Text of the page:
When the Knoxville Symphony performs at one of our beautiful downtown theaters, the musicians seem to effortlessly harmonize and form one cohesive voice. But, actually, the Knoxville Symphony is a very diverse group of individuals. The members hail from nine countries and from states all over America.
That’s why the event called “Symphony Soiree” is so much fun. During this casual fundraiser — which was held earlier this week — the participating musicians bring a covered dish — with many offerings reflecting their ethnic heritages — to a dinner at St. John’s Episcopal Cathedral. And then they play a wide variety of music that they personally love — not necessarily in the classical repertoire.
The evening is part of the Knoxville Symphony League’s highly successful series of events called “Elegant Dining.” To me, it is one of the best ones. Tuesday’s affair was a sell-out at $50 per person and 50 guests in attendance. Read on to see — and hear — the highlights! (There’s even a great recipe.) Continue reading
Brandon Gibson as artist Beauford Delaney brandishes the paint brush the artist used to keep at bay the schizophrenic voices that tormented him.
The season of Beauford Delaney continues in Knoxville, this time with a gripping locally produced opera performed by the Marble City Opera last Friday and Saturday to a full house at Beck Cultural Exchange Center.
The one-hour world premiere tells the story of Knoxville artist Delaney’s gradual descent into madness toward the end of his life while he lived in Paris and was committed to St. Anne’s Hospital for the Insane. Local bass baritone Brandon Gibson, playing Delaney, left it all on the stage as he seemed to literally inhabit the role of the troubled painter. I almost leapt from my seat to confront the cruel “voices” — played by singers Regan Bisch, Joshua Allen and Breyon Ewing — who tormented the main character throughout the hour.
Huge projections brought the feeling of Delaney’s colorful paintings to the stage. Director Kathryn Frady explained the opera’s title — “ShadowLight” — to the audience prior to the performance. Continue reading
Chef Joseph Lenn, right, hangs a just washed pot while Thales Craig-Bettis cleans the chimney at J.C. Holdway after dinner service recently.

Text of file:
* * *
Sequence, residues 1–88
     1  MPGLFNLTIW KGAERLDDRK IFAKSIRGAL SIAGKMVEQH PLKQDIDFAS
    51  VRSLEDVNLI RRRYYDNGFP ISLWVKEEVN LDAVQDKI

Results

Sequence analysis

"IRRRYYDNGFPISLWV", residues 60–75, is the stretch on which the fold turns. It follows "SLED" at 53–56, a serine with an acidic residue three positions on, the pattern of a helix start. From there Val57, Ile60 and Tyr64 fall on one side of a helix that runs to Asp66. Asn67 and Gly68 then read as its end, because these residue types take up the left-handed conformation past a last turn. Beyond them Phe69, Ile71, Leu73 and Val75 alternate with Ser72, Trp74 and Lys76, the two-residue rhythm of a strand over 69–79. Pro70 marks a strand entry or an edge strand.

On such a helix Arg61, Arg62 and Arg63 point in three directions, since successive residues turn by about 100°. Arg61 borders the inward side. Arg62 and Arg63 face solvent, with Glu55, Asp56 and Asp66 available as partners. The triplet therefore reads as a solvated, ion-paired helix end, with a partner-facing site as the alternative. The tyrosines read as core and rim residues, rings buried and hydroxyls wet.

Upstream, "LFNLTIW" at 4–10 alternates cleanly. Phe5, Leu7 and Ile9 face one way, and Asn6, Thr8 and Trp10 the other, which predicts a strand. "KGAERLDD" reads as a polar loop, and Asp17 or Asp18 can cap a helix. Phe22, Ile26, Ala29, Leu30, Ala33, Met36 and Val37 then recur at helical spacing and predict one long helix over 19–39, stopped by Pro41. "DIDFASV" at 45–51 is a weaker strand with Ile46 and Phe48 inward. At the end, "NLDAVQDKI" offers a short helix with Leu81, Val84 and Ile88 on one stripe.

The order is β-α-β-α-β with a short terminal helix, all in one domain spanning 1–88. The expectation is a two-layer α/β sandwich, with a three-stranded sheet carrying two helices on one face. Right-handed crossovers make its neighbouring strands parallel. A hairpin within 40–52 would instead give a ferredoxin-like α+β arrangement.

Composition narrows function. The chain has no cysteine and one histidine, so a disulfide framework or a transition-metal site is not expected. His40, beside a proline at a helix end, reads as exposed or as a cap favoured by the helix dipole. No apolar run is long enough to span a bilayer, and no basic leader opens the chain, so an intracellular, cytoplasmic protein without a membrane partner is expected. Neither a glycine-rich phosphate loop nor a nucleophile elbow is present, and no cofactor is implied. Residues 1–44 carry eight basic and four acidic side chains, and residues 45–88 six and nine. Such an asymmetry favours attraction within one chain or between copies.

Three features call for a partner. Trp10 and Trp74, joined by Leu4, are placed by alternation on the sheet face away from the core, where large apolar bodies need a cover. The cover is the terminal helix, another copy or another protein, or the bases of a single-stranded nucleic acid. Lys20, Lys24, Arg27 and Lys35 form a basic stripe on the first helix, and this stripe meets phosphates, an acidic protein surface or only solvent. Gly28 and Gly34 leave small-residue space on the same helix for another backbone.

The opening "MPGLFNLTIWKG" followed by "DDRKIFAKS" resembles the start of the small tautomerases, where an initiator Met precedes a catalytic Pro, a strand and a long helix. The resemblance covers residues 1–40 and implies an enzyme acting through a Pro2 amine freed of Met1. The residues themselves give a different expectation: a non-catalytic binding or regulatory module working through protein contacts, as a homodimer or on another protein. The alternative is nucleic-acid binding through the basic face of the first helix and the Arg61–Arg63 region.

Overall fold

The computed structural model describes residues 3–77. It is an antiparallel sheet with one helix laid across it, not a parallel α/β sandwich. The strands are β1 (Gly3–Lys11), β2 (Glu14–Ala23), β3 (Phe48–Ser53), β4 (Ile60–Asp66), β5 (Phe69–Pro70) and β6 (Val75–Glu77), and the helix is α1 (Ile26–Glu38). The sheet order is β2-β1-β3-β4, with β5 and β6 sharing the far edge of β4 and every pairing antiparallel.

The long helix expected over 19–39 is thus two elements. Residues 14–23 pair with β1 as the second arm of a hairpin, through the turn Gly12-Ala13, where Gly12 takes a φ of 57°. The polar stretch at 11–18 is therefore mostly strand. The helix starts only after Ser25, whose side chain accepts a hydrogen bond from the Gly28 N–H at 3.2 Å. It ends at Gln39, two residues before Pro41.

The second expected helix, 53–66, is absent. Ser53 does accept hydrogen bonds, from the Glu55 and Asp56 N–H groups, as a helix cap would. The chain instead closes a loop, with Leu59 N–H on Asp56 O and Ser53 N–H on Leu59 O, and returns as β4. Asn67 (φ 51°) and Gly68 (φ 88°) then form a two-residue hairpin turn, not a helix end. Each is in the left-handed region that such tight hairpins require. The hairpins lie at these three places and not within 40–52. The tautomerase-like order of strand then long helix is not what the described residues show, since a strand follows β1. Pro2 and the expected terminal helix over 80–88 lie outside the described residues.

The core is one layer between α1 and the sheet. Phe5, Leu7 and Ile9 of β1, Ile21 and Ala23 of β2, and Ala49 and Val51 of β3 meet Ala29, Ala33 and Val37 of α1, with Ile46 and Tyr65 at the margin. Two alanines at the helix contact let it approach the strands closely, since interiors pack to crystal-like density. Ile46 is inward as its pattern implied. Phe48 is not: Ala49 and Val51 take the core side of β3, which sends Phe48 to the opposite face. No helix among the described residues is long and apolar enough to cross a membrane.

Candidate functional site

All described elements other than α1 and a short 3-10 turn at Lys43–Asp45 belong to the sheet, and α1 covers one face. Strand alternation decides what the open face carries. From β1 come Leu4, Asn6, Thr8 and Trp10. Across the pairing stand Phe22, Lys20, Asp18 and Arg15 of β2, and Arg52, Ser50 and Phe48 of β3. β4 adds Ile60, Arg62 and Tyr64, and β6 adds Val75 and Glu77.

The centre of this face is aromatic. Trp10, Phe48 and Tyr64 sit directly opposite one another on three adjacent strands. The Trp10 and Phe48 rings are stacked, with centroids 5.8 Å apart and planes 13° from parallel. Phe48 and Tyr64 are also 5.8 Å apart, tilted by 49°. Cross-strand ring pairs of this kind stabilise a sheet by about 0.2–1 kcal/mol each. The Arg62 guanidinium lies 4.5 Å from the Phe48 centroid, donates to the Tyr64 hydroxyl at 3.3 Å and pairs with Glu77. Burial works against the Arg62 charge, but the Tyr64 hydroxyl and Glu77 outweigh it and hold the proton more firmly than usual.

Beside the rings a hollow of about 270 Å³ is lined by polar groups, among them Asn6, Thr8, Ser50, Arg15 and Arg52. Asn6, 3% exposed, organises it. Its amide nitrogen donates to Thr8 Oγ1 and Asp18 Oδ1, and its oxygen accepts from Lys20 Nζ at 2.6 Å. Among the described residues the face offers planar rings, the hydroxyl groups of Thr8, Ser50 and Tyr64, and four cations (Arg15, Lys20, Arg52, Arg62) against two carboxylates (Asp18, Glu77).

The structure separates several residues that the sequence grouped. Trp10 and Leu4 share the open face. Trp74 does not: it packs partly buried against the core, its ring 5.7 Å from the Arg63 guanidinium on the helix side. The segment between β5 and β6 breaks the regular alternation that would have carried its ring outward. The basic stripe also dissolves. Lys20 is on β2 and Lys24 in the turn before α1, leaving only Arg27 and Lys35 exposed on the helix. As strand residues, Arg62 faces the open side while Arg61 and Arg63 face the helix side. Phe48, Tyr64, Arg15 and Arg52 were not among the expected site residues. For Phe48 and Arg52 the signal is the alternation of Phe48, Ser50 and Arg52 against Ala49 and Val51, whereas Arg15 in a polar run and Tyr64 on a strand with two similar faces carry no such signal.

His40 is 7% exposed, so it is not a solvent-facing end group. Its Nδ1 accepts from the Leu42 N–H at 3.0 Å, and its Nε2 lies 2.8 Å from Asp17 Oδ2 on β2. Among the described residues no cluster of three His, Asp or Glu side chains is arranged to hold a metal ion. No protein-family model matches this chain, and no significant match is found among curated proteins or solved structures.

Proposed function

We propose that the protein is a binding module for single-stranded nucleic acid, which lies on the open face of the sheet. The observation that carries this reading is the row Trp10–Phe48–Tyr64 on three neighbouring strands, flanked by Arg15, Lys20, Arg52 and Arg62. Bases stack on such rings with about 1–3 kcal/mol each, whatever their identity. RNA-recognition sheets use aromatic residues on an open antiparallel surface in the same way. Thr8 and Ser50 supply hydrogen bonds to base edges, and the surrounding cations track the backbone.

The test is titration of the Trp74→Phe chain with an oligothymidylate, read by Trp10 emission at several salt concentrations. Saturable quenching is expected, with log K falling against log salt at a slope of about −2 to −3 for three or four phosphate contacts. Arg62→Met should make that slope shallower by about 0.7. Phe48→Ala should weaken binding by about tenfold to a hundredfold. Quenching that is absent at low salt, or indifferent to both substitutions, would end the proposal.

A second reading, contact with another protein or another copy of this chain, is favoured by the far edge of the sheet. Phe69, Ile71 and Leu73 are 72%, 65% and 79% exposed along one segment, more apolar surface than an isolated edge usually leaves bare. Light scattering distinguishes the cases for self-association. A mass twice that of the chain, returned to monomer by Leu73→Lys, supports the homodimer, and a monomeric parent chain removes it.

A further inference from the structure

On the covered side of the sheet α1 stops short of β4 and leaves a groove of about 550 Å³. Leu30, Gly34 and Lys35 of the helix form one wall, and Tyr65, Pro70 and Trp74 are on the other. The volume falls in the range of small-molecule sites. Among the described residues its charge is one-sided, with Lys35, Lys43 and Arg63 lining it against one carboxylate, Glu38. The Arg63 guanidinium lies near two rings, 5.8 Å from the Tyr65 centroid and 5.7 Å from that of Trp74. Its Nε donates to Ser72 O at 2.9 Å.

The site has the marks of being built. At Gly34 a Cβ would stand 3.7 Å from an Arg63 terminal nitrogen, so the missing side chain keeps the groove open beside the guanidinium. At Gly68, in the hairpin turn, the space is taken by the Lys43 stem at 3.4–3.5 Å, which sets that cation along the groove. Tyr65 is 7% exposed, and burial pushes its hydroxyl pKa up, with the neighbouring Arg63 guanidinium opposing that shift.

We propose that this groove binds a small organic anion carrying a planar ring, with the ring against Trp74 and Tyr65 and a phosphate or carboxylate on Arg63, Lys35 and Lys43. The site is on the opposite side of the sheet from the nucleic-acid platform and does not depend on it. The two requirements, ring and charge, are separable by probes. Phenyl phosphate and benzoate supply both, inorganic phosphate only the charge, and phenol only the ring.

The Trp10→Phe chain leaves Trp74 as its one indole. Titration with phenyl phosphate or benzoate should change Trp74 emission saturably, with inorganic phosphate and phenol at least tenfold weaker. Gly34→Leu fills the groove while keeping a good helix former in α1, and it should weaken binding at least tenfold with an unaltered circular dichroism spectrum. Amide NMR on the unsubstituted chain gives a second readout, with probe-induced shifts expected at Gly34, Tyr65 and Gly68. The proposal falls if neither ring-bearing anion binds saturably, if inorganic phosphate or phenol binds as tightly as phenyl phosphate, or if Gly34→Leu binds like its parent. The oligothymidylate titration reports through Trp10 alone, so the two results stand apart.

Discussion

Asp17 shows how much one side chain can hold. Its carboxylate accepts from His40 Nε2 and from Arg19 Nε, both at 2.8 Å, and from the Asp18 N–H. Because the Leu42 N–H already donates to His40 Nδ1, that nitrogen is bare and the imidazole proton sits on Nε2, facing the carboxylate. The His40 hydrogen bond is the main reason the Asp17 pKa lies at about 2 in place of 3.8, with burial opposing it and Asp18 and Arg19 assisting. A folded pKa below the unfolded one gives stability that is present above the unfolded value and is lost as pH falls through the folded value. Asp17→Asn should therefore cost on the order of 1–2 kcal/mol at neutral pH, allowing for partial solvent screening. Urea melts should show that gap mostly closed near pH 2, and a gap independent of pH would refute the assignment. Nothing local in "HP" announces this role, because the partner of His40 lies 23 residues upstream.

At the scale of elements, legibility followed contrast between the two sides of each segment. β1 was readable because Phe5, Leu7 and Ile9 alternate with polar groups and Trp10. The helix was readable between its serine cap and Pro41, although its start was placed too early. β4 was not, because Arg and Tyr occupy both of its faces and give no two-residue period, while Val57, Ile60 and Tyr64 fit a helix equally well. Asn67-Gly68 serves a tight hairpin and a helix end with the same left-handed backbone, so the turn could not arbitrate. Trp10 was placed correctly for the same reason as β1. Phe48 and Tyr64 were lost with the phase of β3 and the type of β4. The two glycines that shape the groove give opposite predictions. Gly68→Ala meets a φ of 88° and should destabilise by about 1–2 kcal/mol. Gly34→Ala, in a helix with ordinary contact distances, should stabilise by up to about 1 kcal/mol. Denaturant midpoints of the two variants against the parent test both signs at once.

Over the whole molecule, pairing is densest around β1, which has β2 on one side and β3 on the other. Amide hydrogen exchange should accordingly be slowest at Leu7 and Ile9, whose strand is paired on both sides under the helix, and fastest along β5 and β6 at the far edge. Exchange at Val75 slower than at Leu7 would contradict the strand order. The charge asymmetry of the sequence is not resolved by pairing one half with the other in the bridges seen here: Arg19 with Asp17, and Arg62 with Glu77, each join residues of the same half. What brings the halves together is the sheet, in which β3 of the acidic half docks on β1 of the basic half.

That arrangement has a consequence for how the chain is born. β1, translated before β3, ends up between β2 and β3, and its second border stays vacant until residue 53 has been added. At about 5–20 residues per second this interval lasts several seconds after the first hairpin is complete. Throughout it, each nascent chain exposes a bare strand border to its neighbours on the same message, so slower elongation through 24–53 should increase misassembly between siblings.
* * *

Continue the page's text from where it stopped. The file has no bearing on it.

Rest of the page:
“It’s the most amazing thing,” raved my friend Gay Lyons. “You’ve just got to see it!”
My friend Laura Cole was incredulous, as well. “You mean you’ve never seen it?” she asked.
What the heck were they talking about? Gay explained. “It’s when Chef Joseph Lenn and his kitchen team at J.C. Holdway clean the restaurant kitchen at the end of each night. It’s unbelievable — it’s like watching an elaborate dance. I call it ‘the cleaning ballet.’ ”
Well, now I’ve seen it. And it is pretty amazing.
My opportunity happened when Laura attended a Women’s Fund event and bought a dinner at J.C. Holdway’s chef’s counter for six guests. She asked Chef Lenn if the dinner could be at the end of the evening — and if the guests could please watch “the cleaning ballet.” And, lucky me — I got to be one of the guests!
But, first, we were served dinner from the eatery’s awesome tasting menu. Continue reading
Rene Mackley spent a fun evening last week teaching many ways to tie scarves.
That’s what Rene Mackley told a lucky group of women last week. They were the beneficiaries of Jeannie Dulaney purchasing an auction item entitling six folks to have wine, appetizers and a lesson in scarf tying at Linda’s Hallmark in Farragut. The auction was held to benefit the University of Tennessee College of Nursing.
Using the participants as models, Rene demonstrated how to tie long, square and rectangular scarves in various stylish ways, and she encouraged the women to wear them often. “When you wear a scarf, people always comment on it,” she noted.
One good suggestion: Hang your scarves in your closet around the outfit with which you plan to wear it. “If you stick your scarves in a drawer, you’ll forget about them,” she cautioned.
In addition to the scarf learnings, the other two highlights of the evening were the appetizer made from Captain Rodney’s Original Boucan Glaze, which Linda’s Hallmark sells, and the “wine tour” of the store. The wine — and the 20 percent discount offered to the workshop participants — made for some robust shopping!
Blackberry Farm’s co-founder Kreis Beall, left, greets Knoxville Mayor Indya Kincannon at a fundraiser for the Knoxville Symphony Sunday night. It was an awesome evening.
I may already have had my best meal of 2020 — and it’s only February!
You can’t beat the Knoxville Symphony Orchestra’s annual trek to Blackberry Farm for what many think is the best fundraiser of the year. That occurred this past Sunday and it was, as usual, excellent. I have enjoyed a lot of great meals at Blackberry Farm. But I think this topped them all. Maybe it was because Kreis Beall, the founder of the posh resort, was in the house.
“Nah,” Beall said, brushing off the suggestion. “I’ve been retired two years. They don’t even know me.” Hmm. I’m not so sure about that. Especially with her new book getting rave reviews. (If you haven’t gotten your copy yet, head to Union Ave Books downtown and grab one.)
KSO Music Director Aram Demirjian took the opportunity to remind everyone that the Knoxville Symphony does so much more than just perform on the stages of the Tennessee and Bijou theaters and the Knoxville Civic Auditorium. Continue reading
Filed under: Events, Food, Music